Though virtually unknown in mainstream American culture, Li Shizhen (lee sher-jen) is virtually a household name in China. A kind of patron saint of Chinese herbal medicine, widely lauded by historians and practitioners of traditional Chinese medicine (TCM), he is widely represented in popular and scholarly media. Movie star Jet Li recently named him one of his personal heroes, and he has been the focus of comic books, popular songs, TV dramas, and films. This is all rather impressive for a sixteenth-century doctor who lived, worked, and died in south China in relative obscurity.
Li was born in an area now known as Qichun, in Hubei Province. His father had big plans for the boy, but young Shizhen was sickly and for various reasons kept failing the civil examinations that would have brought him (and his family) a prestigious post in the state bureaucracy. Luckily, he had a backup: his grandfather had been a traveling doctor, his father was a doctor, and that appeared to be his career path as well. He studied the medical classics, apprenticed with his father, treated local townsfolk, and eventually became successful enough to secure some brief yet high-profile positions in the capital and to befriend a few influential scholars. He wrote several short medical treatises on everything from mugwort to pulse diagnosis, composed some poetry, and made a decent living for himself, his wife, and his sons.
But this is not what put Li’s face on the walls of medical colleges or his name in the speeches of Mao Zedong. None of it would have mattered had he not spent the last half of his life researching and writing an enormous book that became his magnum opus, the Bencao gangmu (ben-sow gong-moo)—an encyclopedic work in the tradition of bencao (materia medica) literature, which includes works explaining the qualities of the various substances used in making medical drugs: plants, animals, stones, clothing, household implements, and assorted other materials. One of the most ancient forms of medical writing in China, a bencao was often composed or revised at the behest (and with the financial backing) of an emperor. Instead, Li took it upon himself to spend decades traveling—interviewing hunters and fishermen and local healers—reading omnivorously, and trying various treatments for his own patients until he had compiled enough information to satisfy himself that it was time to sit down and compose an encyclopedia of his own. He spent 10 years writing his enormous book, and perished before it was published. Only due to the hard work, editing, and perseverance of his sons and grandsons was the Bencao gangmu finally printed in 1596, three years after his death.
But what an amazing book it was! The largest and most complete work on materia medica of its time, the Bencao gangmu contains 52 chapters of descriptions, stories, poems, histories, and recipes for how to use and understand everything from fire and mud to ginseng and artemisia, turtles and lions, and even human body parts as medical drugs. Li was a man obsessed: convinced that the only way to properly use something as a drug was to understand as much as possible about it, he stuffed everything he could find into his bencao, from as many different books as he could get his hands on. He experimented both on the creatures around him and on himself, recording his experience getting “half-drunk” in local bars and trying out remedies on patients to test the hypotheses of other doctors, poets, and scholars. In the pages of his book, one can find prescriptions for dragon bone, stories of corpse-eating demons and fire-pooping dogs, instructions for using magic mirrors, advice for getting rid of locusts, and recipes for excellent fish dinners.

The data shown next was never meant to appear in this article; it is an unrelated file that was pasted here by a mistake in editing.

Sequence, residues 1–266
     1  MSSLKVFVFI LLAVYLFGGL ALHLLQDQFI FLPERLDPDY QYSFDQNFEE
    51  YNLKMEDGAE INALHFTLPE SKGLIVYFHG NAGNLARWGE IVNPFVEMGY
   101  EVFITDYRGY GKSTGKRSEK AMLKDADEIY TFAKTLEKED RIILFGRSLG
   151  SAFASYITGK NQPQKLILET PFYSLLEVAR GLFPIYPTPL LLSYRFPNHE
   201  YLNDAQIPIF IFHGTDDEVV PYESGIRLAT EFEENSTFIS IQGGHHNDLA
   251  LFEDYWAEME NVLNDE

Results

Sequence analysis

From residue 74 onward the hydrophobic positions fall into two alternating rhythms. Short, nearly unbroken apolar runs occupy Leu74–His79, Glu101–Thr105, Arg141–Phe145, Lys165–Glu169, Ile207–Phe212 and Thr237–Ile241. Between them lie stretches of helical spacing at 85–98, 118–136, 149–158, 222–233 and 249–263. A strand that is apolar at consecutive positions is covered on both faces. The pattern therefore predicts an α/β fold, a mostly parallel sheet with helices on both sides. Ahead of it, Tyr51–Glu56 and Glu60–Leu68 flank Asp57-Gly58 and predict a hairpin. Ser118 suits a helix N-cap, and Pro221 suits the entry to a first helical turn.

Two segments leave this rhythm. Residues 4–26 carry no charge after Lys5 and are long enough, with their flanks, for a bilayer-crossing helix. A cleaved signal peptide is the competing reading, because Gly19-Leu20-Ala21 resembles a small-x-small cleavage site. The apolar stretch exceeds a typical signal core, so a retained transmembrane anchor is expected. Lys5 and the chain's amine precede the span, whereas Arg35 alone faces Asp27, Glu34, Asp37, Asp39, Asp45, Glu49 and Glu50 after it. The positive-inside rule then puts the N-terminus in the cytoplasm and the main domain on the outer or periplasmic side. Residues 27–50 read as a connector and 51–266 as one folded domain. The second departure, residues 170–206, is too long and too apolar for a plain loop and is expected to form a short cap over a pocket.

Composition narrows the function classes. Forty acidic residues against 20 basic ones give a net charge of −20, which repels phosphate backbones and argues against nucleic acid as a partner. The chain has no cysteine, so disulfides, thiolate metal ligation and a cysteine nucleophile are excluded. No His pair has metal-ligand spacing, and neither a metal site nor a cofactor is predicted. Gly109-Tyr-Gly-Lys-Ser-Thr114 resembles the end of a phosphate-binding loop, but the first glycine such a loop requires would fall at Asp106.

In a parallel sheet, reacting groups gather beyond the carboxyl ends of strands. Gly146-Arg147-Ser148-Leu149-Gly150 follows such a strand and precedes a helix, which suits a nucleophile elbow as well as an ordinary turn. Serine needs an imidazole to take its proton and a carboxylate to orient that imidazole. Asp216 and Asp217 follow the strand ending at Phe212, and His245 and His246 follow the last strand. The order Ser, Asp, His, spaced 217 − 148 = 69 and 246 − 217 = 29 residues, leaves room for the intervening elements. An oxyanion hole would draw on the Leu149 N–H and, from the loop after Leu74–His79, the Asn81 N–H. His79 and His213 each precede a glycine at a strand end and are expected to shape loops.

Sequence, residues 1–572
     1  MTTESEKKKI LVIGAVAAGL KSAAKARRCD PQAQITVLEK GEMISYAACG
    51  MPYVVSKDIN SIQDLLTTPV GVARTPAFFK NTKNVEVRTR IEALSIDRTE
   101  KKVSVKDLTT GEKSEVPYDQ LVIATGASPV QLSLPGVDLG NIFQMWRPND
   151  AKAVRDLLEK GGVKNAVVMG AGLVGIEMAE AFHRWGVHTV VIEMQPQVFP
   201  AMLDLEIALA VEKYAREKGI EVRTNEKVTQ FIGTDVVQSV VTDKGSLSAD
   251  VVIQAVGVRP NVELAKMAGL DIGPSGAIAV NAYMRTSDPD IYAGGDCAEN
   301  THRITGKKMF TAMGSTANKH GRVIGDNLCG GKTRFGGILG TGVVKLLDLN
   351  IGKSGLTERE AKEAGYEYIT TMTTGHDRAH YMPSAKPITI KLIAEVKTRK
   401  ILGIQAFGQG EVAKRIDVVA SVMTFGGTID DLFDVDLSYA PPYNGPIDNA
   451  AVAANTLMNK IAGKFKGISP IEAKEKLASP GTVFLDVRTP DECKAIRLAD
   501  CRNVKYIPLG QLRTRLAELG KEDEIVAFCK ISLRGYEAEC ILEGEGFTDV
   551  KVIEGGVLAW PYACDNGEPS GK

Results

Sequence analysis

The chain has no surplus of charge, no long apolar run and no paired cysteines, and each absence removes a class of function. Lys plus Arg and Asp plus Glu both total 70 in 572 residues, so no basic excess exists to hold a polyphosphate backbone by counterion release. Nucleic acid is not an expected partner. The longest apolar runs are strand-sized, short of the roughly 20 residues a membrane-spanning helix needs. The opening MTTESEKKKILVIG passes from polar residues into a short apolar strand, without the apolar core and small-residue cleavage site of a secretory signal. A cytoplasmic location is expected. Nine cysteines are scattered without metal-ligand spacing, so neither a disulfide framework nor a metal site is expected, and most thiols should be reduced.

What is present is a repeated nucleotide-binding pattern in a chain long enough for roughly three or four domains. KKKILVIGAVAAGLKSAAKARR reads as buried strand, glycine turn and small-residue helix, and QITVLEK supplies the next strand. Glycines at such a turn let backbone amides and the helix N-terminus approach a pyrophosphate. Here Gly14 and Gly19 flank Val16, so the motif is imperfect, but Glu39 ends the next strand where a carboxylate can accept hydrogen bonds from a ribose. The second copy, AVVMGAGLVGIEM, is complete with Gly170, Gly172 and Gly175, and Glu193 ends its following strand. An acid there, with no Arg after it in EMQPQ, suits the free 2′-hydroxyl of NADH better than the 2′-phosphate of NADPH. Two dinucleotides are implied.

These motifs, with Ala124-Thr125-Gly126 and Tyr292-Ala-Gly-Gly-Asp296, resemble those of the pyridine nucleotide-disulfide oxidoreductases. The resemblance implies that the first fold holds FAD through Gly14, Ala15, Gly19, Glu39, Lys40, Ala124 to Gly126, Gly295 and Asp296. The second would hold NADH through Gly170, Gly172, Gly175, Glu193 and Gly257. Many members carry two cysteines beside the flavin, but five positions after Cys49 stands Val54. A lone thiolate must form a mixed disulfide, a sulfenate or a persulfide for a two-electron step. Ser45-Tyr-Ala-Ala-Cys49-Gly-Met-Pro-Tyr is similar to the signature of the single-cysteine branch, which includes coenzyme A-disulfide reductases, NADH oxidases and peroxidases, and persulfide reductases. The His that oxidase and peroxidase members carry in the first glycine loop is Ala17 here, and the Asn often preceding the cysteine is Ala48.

Of course, we don’t hear much about the dragons and demons anymore. As with most historical icons, Li’s name and story have been resurrected many times since his death to serve many different purposes. In posters and films, he was recast in the image of a wandering people’s doctor in the 1950s. As a result, most people today know of him as the father of Chinese pharmacy, a humble doctor who recorded the herbal knowledge of the people around him and preserved it for posterity. His image consecrates the walls of many TCM colleges in China, and scientists continue to test his recipes and translate his sixteenth-century pharmaceutical insights into the drugs and terminology of modern biomedicine. Modern authors often attempt to confirm Li’s early medical use of plant, animal, and human-based medicines (from toads to ephedra), his clinical practices, and his prescriptions for drugs to treat epilepsy, gynecological diseases, and many other maladies.
Li might have been amused by such efforts to standardize and normalize his ideas and practices. There wasn’t one correct remedy for an illness, as far as he was concerned, and he recorded his thoughts of ghosts, phoenixes, and miraculous transformations in the same pages as his recipes for ginseng and chamomile. As he reminded aspiring doctors, there are often no clear answers when attempting to understand nature. We can only keep trying, learn from our mistakes and observations, and be open to phenomena and stories we might initially consider strange or impossible. He ended his book with a statement to that effect, and to the end of his life he struggled to make the statement known.